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Prize Draw Alert: Win A Signed Mich Turner Book

We’re completely smitten with our Cake Ambassador Mich Turner and we want to share the love with you, Crafties! We’ve got a special prize draw from now until 9pm Sunday 28th May; anyone who purchases Mich’s latest book gets automatically entered into winning a signed copy of her ‘Cake School’ book. There are 3 chances to win, so what are you waiting for?! T&Cs apply. Here’s a taster of one of her healthier cake recipes from her latest book, ‘Have Your Cake and Eat It’ to get you licking those lips for more! Heaven must be missing a vanilla cake…

Heavenly Vanilla Cake

This has to be the ultimate vanilla cake to include in your repertoire. It is a to-die-for-cake that never fails to impress. It is important not to rush any of the stages. This cake is made with butter and spiked with a vanilla syrup as soon as it is baked. The Swiss meringue buttercream is lower in sugar than regular buttercream. I have chosen to flavour it with freeze-dried blackcurrant powder, which adds an intensity of flavour without adding any additional sugar or artificial colour. One of the secrets is the quality of the ingredients, which showcase the flavour of vanilla bean paste. The result is a nostalgic vanilla cake that quite literally nurtures the soul. Food for the Gods!

Makes a 20cm (8 inch) round cake or 2 x 15cm (6 inch) cakes:

  • 420g (14¾oz) self-raising flour
  • 300g (10½oz) golden caster sugar
  • 300g (10½oz) unsalted butter, softened
  • 6 large eggs, beaten
  • 120ml (4fl oz) semi-skimmed milk
  • 3 tablespoons vanilla bean paste

For the Syrup:

  • 150ml (5fl oz) water
  • 150g (5½oz) golden caster sugar
  • 1 tablespoon vanilla extract

For the Swiss meringue buttercream:

  • 225ml (8fl oz) egg whites, at room temperature (about 6 eggs)
  • 400g (14oz) caster sugar
  • 565g (1lb 4oz) unsalted butter
  • 3 teaspoons vanilla bean paste
  • 4–6 tablespoons freeze-dried blackcurrant powder

Preheat the oven to 160°C/gas 3. Line a deep 20cm (8 inch) round cake tin or 2 x 15cm
(6 inch) cake tins with non-stick baking parchment.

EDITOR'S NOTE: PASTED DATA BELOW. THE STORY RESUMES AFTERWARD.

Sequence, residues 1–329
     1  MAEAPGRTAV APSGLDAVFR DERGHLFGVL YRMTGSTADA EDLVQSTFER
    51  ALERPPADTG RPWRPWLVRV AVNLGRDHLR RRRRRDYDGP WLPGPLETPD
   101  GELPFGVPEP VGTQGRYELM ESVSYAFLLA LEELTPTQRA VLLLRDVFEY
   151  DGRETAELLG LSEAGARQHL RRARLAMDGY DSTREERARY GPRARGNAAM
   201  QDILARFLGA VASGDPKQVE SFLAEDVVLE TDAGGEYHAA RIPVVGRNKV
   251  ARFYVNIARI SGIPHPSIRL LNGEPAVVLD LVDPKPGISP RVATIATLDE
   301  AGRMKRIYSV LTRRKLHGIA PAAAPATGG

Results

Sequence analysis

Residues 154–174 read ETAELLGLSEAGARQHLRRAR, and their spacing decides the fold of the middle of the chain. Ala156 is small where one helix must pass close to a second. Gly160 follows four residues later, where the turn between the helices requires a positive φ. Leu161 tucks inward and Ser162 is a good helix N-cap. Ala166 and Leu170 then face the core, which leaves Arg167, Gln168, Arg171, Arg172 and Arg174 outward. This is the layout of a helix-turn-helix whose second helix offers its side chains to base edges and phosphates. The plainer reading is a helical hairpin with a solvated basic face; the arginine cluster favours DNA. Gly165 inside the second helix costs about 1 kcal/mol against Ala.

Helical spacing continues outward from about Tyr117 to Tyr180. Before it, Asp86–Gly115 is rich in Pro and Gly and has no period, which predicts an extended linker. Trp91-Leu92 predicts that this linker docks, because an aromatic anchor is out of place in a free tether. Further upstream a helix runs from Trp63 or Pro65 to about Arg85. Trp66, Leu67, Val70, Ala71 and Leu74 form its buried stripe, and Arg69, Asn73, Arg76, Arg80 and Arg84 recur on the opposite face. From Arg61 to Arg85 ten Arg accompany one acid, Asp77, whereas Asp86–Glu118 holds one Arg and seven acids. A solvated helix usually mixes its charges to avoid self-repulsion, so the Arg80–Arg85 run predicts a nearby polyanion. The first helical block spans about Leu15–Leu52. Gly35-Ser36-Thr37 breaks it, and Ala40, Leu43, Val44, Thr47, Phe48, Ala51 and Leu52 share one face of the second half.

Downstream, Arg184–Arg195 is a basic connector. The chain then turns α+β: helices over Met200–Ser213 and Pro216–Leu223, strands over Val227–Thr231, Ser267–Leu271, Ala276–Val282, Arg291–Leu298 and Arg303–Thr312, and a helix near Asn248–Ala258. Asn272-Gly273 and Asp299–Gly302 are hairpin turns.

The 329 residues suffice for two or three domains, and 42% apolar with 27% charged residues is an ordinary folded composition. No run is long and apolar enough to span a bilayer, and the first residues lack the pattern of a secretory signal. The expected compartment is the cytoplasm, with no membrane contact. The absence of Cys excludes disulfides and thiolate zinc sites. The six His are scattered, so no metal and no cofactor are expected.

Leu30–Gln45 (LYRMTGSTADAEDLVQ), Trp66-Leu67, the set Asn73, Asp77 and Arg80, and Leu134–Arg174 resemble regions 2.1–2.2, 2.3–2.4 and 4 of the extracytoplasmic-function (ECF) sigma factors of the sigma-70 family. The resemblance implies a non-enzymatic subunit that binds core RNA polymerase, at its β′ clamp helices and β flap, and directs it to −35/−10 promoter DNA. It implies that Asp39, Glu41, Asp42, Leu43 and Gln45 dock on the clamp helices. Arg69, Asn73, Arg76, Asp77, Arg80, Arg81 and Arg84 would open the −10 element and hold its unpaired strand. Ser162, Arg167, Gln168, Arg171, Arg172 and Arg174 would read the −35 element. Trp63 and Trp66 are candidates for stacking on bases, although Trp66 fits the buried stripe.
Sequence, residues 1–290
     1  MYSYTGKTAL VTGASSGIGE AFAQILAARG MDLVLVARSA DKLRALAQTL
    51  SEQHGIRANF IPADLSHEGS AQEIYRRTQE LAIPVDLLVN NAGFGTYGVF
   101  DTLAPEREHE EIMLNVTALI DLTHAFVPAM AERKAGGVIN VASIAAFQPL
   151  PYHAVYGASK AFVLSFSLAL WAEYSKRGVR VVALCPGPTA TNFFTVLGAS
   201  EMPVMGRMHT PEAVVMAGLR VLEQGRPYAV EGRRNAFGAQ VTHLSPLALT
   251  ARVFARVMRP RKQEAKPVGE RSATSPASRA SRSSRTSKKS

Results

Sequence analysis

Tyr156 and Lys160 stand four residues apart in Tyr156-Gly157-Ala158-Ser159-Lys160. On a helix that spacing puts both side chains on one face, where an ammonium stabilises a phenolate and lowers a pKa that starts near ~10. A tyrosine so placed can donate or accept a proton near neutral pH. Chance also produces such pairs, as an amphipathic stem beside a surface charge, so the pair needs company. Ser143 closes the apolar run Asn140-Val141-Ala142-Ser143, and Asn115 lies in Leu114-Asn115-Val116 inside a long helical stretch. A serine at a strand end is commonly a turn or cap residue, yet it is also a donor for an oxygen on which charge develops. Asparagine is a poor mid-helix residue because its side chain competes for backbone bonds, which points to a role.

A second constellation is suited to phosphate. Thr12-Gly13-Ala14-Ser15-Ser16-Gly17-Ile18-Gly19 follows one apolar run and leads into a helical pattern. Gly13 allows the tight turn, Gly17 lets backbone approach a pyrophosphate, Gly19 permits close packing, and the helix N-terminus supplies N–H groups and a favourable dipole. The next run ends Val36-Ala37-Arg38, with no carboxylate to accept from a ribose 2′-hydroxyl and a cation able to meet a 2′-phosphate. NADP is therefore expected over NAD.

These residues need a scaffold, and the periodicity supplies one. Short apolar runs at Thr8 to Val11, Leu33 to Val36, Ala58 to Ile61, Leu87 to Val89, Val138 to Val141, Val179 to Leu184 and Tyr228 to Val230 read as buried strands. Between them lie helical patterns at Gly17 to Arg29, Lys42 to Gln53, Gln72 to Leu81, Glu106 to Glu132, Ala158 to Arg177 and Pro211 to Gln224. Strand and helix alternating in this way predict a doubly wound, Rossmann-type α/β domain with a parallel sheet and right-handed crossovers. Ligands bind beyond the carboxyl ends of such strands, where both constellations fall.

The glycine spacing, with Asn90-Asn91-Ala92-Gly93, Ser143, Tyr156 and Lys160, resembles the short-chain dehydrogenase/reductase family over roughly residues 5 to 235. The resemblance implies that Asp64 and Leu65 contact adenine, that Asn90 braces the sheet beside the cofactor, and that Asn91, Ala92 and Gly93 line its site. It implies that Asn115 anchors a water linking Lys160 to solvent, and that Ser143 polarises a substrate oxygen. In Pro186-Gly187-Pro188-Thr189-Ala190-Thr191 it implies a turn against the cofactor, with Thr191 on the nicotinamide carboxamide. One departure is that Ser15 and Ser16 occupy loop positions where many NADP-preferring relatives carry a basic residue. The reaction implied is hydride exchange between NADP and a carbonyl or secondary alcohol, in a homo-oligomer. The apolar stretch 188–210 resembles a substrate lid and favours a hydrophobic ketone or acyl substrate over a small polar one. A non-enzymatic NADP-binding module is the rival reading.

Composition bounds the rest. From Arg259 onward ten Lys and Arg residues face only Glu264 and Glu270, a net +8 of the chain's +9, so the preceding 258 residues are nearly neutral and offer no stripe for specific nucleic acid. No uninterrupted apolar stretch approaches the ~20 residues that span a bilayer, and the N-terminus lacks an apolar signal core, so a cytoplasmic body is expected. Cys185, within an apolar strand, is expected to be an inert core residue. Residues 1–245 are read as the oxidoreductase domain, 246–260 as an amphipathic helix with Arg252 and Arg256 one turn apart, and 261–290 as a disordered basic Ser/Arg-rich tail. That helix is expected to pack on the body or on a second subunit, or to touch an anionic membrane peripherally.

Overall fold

To make the syrup, put the water, sugar and vanilla in a pan, heat gently until the sugar dissolves, stirring all the time, then remove from the heat.

Cream together the butter and sugar until light and fluffy. Add the eggs a little at a time, beating well between each addition. Fold the flour into the creamed mixture. Stir in the milk and the vanilla bean paste.

Spoon the batter into the prepared tin and bake for 1½ hours (or 1 hour for the smaller cakes) or until golden colour and a skewer inserted in the centre comes out clean.

Remove from the oven and pierce the cake with a skewer several times. Pour the syrup over the cake. Cool, then chill in the tin before removing.

To make the buttercream, place the egg whites and the sugar in a large clean heatproof bowl over a pan of gently simmering water. Whisk with a hand balloon whisk and monitor the temperature until your reach 61–70°C (142–158°F). This will take about 10 minutes.

Remove the meringue from the heat, attach the bowl to an electric whisk and continue to whisk until the meringue cools to room temperature and has thickened. Add the butter in batches and beat well between each addition. Add the vanilla and whisk until combined.

Blend half the buttercream with the blackcurrant powder. Stir well, leave to stand for 1 hour, then stir again.

Cut each of the cakes in half and sandwich together with the buttercream. Place on a round cake board, skim coat the cakes with blackcurrant buttercream and place on a pretty cake stand.

Fill a large piping bag with a 2D nozzle and pipe a row of buttercream roses around the base of the cake making sure to cover the base board and keeping the roses even.

Empty the piping bag back into the bowl along with any remaining blackcurrant buttercream and add one-third of the remaining plain buttercream to this. Stir to create a paler blackcurrant buttercream. Fill the bag with this and pipe a second row of roses around the middle of the cake. Repeat this process and pipe the top ring of roses with a paler shade again. Combine all the remaining buttercream to achieve the palest colour of all and pipe roses on the top of the cake, starting from the outside and working your way in.

Store for up to 5 days in the refrigerator. Serve at room temperature. Not suitable for freezing.

So there you have it! If you’re tempted to get Mich’s book you can purchase it here and you could have 3x chances of winning a signed copy of ‘Cake School’. Good luck!



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